Will Trey Lance play vs. Packers in NFL playoffs? 49ers would be smart to use rookie QB

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Jimmy Garoppolo has two injuries affecting his throwing hand and arm (right thumb, right shoulder), but he is set to start again at quarterback for the 49ers in Saturday's NFC divisional playoff game against the Packers (8:15 p.m. ET, Fox). That doesn't mean the Niners should totally sit rookie first-round QB Trey Lance.

Lance made two starts filling in for Garoppolo in the regular season, well spaced out in Weeks 5 and 17. As expected, he had mixed results, struggling against the Cardinals and lighting up the Texans. Before then, Lance got significant action passing and running at home against the Seahawks in Week 4.

He also made a brief appearance in a 30-28 home shootout loss to the Packers in Week 3. Lance got one rushing attempt and turned it into a 1-yard TD run.

Coach Kyle Shanahan and offensive coordinator Mike McDaniel didn't build off that to design special packages for Lance, sticking with Garoppolo getting the snaps in a scheme where the QB is still pass-first, playing off the traditional running game. The 49ers keep using the wrinkle of wide receiver Deebo Samuel as a change-of-pace back, but they haven't needed Lance as much to move the ball or score while Garoppolo has been healthy, as they won seven of their final nine games.

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Lance is a dynamic runner while he's still developing as a green passer at only 21. In the games he played the most as a rookie, he combined for 164 yards rushing on 31 carries. That's 5.3 yards per attempt.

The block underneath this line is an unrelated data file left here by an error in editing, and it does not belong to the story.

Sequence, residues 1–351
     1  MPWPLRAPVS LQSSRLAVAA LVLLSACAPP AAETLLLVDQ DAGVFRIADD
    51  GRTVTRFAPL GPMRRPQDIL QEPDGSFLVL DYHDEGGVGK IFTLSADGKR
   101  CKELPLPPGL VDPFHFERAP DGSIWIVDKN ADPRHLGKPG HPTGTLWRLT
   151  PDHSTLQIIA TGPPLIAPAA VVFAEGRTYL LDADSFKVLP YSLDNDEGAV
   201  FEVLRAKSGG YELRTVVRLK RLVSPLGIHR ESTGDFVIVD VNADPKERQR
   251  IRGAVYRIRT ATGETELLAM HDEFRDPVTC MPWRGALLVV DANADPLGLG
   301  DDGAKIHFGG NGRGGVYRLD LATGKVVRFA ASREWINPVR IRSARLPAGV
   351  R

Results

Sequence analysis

The Packers gave up 456 rushing yards to quarterbacks in the 2021 season, second only to Washington. QBs averaged 5.9 yards per attempt against them. The biggest producers were fellow rookie Justin Fields (twice), Tyler Huntley and Taylor Heinicke. Garoppolo did score three rushing TDs, but he had only 51 rushing yards on 38 attempts in 15 games for 1.3 yards per carry.

Green Bay ranked No. 12 in rushing defense in terms of yards per game allowed (109.1), but it was No. 30, ahead of only Kansas City and Pittsburgh, in terms of yards per carry allowed (4.7). San Francisco was the No. 6 rushing offense, averaging 127.4 yards per game. It was also tied for fifth with an average 29 rushing attempts per game.

Shanahan will stay committed to the run unless his team is trailing by three possessions late in the second half. Rookie Elijah Mitchell has seen more than 20 carries in five consecutive starts. He wasn't healthy for the first Packers meeting.

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Attacking the Packers on the ground is the best strategy. It's their defensive weakness and the 49ers' offensive strength. It also can come with extra ball-control and time of.possession benefits, limiting how much Aaron Rodgers touches the ball and protecting the Niners' defense.

Mitchell has been effective with volume. In seven of his 11 games he had 90 or more rushing yards. His last big game was Week 17 against the Texans, which Lance started.

The 49ers tend to load up one preferred back and that's Mitchell. Lance would be their way to incorporate a further change of pace via a unique committee in certain situations. It would make the most sense to reintroduce the wrinkle in the red zone, where it's imperative for the 49ers to finish long drives with TDs with Rodgers on the other side.

Lance, despite his hot second half in Week 17, didn't see action in the must-win Week 18 game at the Rams or in the wild-card playoff at the Cowboys. Shanahan may remain reluctant to use two QBs, but the 49ers also need to consider elements of surprise to win as underdogs. Just the presence of Lance on a few snaps could open up big plays elsewhere.

Shanahan hasn't been afraid to experiment, given Samuel at running back is a smashing success. One shouldn't be shocked if he makes Lance a little bit of a factor against the Packers.

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